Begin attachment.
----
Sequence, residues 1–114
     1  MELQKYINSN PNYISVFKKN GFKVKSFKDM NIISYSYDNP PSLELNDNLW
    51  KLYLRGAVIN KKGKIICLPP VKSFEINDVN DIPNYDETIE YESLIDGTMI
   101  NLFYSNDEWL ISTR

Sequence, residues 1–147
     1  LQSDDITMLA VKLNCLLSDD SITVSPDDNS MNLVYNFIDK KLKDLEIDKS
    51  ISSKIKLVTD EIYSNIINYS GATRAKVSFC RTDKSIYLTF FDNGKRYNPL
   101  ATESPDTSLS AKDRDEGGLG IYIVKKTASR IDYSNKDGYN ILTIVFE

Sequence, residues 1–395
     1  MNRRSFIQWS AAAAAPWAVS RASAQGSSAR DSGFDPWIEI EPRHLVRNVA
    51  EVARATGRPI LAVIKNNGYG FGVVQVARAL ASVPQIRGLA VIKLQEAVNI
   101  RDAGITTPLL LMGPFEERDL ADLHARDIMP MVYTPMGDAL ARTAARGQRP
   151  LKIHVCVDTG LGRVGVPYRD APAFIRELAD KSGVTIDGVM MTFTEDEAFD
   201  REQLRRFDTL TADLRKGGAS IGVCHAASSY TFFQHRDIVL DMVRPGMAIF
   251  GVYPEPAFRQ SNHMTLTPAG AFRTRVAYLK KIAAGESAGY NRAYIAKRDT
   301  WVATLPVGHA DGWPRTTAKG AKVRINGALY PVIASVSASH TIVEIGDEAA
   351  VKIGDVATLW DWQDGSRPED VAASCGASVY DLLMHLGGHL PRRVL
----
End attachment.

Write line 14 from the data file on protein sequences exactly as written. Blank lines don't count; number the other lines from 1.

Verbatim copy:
   201  REQLRRFDTL TADLRKGGAS IGVCHAASSY TFFQHRDIVL DMVRPGMAIF